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Common Risk Factors for Knee Pain

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An estimated one out of three Americans reports experiencing knee pain regularly according to the American Osteopathic Association. That's no surprise considering knee replacement surgeries have grown in demand exponentially over the past few decades – in fact, the number of people requesting a total knee replacement surgery is expected to exceed 3 million by the year 2030 according to the American Academy of Orthopaedic Surgeons.


What's happening to cause this drastic rise in need for invasive knee treatments and therapies? Experts associate this trend with climbing rates of obesity, as well as generally longer life spans and older adults staying in the workforce longer than they used to.


It turns out that much knee pain is actually preventable though by avoiding these common mistakes and lifestyle habits:


Lack of flexibility and strength: Weakened and stiff muscles, tendons, and ligaments in and around the joint of the knee can pose an increased threat of injury with overuse, athletic activity, or impact. Why? A huge amount of stress is placed on the knee joints, even with simple movements like walking and standing.

The connective tissues around the knee need to be able to properly stabilize and support fluid movement of the joint, and when they are not limber and pliable but tight and constrained, it is harder for them to absorb the shock of your movements. They are more likely to strain, tear, or do a poor job of stabilizing connected bones and tendons.


Poor form and technique: Drastically increasing your running mileage in a short period of time? Tend to overpronate when walking? Poor form and technique with walking and running can place added stress and strain on everything from the foot and ankle, to the lower leg, knee, thigh and hips.


Spending significant time walking on a slope can cause the IT band that runs along your thigh from the hip to your knee to tighten and rub against the femur, thus leading to knee pain. Bad posture overtime can cause pelvic tilt, a hip imbalance that affects the way you sit, stand, and walk, leading to knee and leg pain as well. These are just a couple examples of how basic body positioning, posture, and form can significantly impact knee health.


Being overweight. Not only does putting on additional pounds increase your risk for diabetes, heart disease, and other chronic illnesses, but it can negatively affect your knee strength and performance. Added pounds exacerbate the stress placed on internal pressure points in and around the knee, leading to greater wear and tear every time they absorb the shock of your walking and physical activity.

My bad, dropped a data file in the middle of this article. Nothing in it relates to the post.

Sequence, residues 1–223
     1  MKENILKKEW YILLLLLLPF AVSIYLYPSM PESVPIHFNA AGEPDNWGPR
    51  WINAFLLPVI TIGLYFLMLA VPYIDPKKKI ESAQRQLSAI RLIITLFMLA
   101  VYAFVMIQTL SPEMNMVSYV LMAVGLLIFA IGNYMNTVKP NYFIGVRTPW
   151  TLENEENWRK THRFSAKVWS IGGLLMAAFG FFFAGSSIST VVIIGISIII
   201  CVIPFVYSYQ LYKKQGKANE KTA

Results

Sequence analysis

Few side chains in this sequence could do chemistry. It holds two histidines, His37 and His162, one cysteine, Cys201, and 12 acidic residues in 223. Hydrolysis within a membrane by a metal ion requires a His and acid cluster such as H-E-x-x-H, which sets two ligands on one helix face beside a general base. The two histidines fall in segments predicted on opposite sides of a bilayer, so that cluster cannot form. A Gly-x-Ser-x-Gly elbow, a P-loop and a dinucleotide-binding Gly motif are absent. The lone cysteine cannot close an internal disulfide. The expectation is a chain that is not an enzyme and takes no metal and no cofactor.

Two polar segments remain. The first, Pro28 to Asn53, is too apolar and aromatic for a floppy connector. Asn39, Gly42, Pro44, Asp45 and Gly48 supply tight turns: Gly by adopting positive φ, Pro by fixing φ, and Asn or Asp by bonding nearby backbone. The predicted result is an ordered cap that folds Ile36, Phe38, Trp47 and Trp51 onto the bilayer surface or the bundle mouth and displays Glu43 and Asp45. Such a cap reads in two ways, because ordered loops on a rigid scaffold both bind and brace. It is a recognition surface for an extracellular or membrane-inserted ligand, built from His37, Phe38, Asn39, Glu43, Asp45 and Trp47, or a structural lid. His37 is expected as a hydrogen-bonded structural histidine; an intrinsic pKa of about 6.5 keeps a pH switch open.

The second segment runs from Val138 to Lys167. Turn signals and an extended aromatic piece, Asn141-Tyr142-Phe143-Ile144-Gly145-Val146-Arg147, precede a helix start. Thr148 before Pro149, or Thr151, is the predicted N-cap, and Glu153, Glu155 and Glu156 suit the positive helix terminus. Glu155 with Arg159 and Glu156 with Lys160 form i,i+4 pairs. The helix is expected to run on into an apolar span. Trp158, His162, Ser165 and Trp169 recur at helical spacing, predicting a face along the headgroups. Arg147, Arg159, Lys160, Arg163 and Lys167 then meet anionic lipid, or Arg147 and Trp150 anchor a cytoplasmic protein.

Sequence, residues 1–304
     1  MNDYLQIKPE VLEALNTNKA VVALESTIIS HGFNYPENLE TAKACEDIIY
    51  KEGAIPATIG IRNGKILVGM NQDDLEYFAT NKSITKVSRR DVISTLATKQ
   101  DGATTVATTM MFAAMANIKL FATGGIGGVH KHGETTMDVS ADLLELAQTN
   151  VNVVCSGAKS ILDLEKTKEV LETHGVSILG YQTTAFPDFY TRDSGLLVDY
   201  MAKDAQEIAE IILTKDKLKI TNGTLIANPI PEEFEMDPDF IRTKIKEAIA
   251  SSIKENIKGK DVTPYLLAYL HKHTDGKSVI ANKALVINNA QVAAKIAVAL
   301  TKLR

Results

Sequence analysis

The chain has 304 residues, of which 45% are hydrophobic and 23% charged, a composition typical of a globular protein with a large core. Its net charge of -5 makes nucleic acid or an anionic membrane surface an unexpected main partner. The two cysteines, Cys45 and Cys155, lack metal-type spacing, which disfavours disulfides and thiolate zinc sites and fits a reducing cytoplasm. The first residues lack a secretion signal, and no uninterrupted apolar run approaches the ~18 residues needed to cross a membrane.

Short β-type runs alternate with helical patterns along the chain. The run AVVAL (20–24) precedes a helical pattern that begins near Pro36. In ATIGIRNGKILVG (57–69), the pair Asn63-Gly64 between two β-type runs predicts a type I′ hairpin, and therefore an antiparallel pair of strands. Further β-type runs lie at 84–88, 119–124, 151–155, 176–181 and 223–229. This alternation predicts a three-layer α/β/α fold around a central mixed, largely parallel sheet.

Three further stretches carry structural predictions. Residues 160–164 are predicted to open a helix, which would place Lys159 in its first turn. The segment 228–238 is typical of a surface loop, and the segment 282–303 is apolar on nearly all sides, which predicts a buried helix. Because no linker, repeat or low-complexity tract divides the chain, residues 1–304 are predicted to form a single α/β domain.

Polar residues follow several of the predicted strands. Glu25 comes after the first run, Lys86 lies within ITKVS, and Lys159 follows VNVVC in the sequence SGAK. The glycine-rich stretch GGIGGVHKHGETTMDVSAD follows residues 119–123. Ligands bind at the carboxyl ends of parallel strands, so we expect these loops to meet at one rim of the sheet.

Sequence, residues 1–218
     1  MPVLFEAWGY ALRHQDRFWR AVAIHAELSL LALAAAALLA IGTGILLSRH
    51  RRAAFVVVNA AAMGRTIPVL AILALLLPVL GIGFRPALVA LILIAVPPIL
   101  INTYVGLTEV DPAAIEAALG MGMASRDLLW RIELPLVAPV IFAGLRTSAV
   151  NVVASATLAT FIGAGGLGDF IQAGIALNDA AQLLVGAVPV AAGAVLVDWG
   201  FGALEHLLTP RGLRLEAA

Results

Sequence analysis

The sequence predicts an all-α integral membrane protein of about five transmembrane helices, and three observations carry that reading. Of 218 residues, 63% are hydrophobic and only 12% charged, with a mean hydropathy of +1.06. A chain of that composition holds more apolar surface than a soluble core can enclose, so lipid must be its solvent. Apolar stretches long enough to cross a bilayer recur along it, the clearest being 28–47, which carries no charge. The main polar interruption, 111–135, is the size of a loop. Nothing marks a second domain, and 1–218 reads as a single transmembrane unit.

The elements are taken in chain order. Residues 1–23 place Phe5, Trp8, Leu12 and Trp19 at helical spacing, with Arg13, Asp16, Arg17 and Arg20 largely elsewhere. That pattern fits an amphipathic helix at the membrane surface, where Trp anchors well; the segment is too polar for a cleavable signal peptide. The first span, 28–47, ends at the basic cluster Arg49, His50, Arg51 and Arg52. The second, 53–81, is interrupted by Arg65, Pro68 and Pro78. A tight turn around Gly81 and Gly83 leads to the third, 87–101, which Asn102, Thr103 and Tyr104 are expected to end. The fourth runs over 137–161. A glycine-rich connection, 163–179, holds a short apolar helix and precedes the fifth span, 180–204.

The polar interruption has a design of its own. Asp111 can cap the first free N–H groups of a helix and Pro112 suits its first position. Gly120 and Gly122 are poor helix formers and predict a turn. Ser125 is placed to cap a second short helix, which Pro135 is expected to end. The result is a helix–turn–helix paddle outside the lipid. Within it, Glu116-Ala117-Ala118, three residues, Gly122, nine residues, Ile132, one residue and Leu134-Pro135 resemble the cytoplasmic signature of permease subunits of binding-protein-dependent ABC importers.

Being overweight and obese also makes it more difficult to stay active and maintain a balanced diet. Inactivity and spending large amounts of time in sedentary environments, i.e. watching TV, on the computer, etc., makes joints and muscles, especially the knees, more susceptible to injury and strain, and can magnify bad posture habits.


High impact sports: While staying active through athletics is important to overall physical and mental health, there are some sports which are simply worse on the knees than others. Think about the constant bending and straightening of the knee that alpine skiing requires, for example, or the constant shock of jumping and landing when playing basketball.


An epidemiology report spanning 5 years that looked at rates of knee injuries among high school athletes found that on average, football players sustained the most knee injuries while girls in comparable sports, including soccer, actually experienced the highest rate of knee injuries. Over 20% of knee injuries, most commonly ACL and MCL tears, were treated with surgery. Experts acknowledge too that previous injury to the knee can also make those connective tendons and ligaments more vulnerable to future damage.


Not addressing knee pain: Some knee pain can be caused by a serious medical condition which requires treatment like bursitis of the knee, osteoarthritis, rheumatoid arthritis, tumors, cysts, and gout. Even for those conditions, both noninvasive and invasive treatments are available, but only if you seek medical treatment.


How do you know if your knee pain isn't normal? If you are prevented from bearing weight on your knee, if you notice a growth, swelling, or deformity, if you hear a popping or crunching sound when bending and flexing, or if you have any mobility limitations at all due to knee weakness or discomfort, schedule an appointment with your healthcare provider today!